FILE PHOTO: The logo of Australian casino giant Crown Resorts Ltd adorns the hotel and casino complex in Melbourne, Australia
FILE PHOTO: The logo of Australian casino giant Crown Resorts Ltd adorns the hotel and casino complex in Melbourne, Australia, June 13, 2017. REUTERS/Jason Reed/File Photo

March 1, 2022

SYDNEY (Reuters) – Australia’s financial crime watchdog filed a wide-ranging civil lawsuit against casino operator Crown Resorts Ltd on Tuesday, accusing it of failing to assess risks of money laundering and terrorism financing at its only two operational resorts.

The Australian Transaction Reports and Analysis Centre (AUSTRAC) said the company started by billionaire James Packer had failed to meet its obligations, making its business and the country’s financial system “vulnerable to criminal exploitation”.

AUSTRAC’s investigation found “poor governance, risk management and failures to have and maintain a compliant AML/CTF programme detailing how Crown would identify, mitigate and manage the risk of their products and services being misused for money laundering or terrorism financing,” the watchdog’s CEO, Nicole Rose, said in a statement.

Crown “also failed to carry out appropriate ongoing customer due diligence including on some very high risk customers. This led to widespread and serious non-compliance over a number of years,” Rose added.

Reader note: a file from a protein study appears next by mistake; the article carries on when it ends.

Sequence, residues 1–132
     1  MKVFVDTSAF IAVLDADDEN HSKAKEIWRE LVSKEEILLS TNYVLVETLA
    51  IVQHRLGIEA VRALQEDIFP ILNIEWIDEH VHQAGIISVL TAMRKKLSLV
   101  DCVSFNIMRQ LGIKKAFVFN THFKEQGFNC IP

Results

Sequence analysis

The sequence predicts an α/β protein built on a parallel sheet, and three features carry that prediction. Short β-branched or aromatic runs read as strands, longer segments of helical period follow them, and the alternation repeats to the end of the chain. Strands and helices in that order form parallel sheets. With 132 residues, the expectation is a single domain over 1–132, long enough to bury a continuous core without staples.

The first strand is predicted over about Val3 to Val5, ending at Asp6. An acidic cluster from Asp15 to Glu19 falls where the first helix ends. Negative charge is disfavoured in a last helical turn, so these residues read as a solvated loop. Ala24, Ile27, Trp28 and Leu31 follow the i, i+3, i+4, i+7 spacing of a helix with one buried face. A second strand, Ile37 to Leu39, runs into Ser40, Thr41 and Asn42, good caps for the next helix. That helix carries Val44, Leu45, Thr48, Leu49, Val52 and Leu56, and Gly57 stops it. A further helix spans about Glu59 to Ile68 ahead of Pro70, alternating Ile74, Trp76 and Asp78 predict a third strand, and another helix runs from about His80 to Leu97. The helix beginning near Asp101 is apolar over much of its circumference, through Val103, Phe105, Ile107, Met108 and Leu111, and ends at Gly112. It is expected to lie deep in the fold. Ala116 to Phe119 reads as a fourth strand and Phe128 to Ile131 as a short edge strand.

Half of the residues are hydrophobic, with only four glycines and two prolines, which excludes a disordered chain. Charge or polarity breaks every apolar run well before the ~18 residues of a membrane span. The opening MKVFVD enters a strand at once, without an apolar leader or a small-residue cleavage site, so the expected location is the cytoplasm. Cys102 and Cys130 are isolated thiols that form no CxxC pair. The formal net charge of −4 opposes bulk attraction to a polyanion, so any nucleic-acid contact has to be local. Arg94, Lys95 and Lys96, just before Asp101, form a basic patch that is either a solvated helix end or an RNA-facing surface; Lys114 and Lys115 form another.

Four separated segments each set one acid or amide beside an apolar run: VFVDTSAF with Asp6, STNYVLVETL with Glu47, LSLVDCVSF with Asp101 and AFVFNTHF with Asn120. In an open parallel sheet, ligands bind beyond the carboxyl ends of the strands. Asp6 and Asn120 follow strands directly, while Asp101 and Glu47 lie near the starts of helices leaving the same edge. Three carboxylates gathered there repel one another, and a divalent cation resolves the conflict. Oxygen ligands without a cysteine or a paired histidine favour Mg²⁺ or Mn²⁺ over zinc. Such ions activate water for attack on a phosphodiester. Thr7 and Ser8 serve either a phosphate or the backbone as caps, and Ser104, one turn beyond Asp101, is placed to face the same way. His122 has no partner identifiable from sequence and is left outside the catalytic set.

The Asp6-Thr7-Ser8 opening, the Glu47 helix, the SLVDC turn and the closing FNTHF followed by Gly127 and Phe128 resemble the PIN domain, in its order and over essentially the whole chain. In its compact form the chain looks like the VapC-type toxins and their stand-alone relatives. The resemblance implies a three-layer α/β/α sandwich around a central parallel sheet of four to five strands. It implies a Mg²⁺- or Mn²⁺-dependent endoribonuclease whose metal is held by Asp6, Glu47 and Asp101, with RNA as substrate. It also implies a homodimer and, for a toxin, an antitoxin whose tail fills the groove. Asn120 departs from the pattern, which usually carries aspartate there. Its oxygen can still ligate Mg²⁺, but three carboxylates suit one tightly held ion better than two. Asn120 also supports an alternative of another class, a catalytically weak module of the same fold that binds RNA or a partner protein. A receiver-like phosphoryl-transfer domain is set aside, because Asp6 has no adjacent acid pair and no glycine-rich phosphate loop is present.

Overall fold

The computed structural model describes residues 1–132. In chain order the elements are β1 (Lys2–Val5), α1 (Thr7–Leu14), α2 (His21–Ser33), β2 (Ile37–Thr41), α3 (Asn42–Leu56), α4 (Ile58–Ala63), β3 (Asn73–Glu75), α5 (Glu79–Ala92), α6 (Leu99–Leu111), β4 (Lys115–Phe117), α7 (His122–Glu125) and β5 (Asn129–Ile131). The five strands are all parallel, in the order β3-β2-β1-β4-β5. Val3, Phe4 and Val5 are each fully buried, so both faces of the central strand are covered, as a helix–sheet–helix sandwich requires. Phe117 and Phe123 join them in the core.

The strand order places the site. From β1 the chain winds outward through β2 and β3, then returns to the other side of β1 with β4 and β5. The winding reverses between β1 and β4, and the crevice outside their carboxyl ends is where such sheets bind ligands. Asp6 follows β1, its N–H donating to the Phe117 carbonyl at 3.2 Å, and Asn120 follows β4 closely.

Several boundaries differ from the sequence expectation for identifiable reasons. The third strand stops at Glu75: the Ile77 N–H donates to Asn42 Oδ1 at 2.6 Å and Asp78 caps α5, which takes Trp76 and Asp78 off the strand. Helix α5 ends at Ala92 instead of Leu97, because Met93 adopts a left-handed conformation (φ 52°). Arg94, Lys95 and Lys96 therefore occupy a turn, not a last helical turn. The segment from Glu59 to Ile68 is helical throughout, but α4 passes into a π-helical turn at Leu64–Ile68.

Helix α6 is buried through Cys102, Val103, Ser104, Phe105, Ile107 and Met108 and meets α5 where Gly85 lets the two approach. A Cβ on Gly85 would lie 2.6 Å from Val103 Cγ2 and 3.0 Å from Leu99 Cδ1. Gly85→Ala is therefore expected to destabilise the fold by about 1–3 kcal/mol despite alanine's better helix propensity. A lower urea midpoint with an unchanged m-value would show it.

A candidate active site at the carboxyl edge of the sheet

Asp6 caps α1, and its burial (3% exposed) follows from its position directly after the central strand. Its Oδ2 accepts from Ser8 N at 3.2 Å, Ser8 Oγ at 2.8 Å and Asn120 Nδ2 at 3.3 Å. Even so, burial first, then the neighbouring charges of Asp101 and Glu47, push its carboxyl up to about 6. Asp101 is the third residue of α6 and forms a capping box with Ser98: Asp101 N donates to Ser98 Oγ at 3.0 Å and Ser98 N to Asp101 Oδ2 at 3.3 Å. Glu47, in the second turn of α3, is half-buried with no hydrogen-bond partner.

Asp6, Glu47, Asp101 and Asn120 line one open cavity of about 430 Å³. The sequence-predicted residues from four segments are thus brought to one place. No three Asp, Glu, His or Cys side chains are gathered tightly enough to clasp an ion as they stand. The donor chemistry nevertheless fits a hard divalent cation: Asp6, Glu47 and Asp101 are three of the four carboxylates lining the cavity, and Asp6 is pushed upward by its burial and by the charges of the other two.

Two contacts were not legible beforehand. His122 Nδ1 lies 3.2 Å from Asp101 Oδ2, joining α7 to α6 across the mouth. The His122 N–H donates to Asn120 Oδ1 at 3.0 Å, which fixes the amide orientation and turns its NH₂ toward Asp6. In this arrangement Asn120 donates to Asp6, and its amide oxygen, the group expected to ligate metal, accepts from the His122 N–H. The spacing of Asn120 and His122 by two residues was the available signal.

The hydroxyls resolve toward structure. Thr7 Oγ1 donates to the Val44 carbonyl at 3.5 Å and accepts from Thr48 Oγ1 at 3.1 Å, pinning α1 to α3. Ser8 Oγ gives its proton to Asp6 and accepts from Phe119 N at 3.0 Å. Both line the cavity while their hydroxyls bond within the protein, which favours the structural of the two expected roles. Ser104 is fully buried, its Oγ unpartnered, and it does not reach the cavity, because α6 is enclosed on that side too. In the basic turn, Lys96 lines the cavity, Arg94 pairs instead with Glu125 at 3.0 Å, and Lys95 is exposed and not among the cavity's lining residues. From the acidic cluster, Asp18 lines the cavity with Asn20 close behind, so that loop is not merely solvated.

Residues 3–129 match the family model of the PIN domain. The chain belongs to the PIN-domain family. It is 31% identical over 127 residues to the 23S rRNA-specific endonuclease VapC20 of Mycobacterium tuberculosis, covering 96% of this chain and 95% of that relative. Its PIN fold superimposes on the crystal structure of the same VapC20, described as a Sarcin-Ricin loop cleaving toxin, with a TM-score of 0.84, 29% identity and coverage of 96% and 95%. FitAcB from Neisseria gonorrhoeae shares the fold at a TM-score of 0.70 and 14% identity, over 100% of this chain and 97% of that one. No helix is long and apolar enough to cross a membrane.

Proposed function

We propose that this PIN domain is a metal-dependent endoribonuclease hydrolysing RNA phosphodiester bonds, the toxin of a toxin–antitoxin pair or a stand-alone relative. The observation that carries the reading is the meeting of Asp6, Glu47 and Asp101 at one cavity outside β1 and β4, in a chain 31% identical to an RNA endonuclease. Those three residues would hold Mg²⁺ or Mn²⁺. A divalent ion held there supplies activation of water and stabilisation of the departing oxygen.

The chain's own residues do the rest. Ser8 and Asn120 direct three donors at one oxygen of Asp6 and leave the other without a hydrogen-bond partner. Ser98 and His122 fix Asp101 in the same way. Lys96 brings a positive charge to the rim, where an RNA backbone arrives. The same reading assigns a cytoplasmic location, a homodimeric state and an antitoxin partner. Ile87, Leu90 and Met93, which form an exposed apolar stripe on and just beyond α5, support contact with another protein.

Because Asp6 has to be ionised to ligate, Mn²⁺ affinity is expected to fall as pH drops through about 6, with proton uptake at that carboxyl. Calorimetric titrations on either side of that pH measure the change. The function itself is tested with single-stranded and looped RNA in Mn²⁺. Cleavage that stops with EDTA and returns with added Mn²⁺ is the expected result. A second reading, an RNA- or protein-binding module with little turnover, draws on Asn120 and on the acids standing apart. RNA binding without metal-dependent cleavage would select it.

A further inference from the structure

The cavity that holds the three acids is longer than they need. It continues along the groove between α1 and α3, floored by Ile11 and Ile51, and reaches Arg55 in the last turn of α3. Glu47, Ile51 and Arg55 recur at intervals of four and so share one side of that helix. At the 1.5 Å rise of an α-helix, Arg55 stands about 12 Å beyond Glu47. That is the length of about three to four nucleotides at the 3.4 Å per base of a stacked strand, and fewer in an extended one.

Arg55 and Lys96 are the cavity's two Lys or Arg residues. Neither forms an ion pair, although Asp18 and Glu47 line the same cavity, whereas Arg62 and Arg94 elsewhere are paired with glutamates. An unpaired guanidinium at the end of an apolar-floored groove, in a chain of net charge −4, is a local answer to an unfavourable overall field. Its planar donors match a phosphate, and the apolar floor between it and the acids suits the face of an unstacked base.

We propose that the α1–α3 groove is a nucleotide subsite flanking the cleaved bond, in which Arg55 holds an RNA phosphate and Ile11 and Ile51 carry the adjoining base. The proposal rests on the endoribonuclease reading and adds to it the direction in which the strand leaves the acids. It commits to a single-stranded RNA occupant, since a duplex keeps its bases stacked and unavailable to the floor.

AUSTRAC did not publish its statement of claim against Crown but a Federal Court database showed a lawsuit filed by AUSTRAC against Crown was filed on Tuesday.

Crown said it was reviewing AUSTRAC’s statement of claim, but that it had developed a comprehensive mediation plan and overhauled its governance since allegations of poor due diligence surfaced at a regulatory inquiry in 2020.

AUSTRAC began its investigation into Crown in October 2020 during the first of what would become three bruising regulatory inquiries into Crown’s governance, one for each city where it has a casino.

The inquiries prompted authorities in Sydney to suspend the company’s gambling licence – before it had opened a new resort there – while authorities in Melbourne put Crown under government supervision.

A third inquiry, in Perth, is yet to report its findings.

The company has meanwhile replaced most of its board and management and recommended shareholders – who include billionaire founder and 37% owner James Packer – back a $6.3 billion buyout by private equity giant Blackstone Inc.

A Blackstone representative declined to comment.

(Reporting by Byron Kaye; Editing by Leslie Adler and Sam Holmes)

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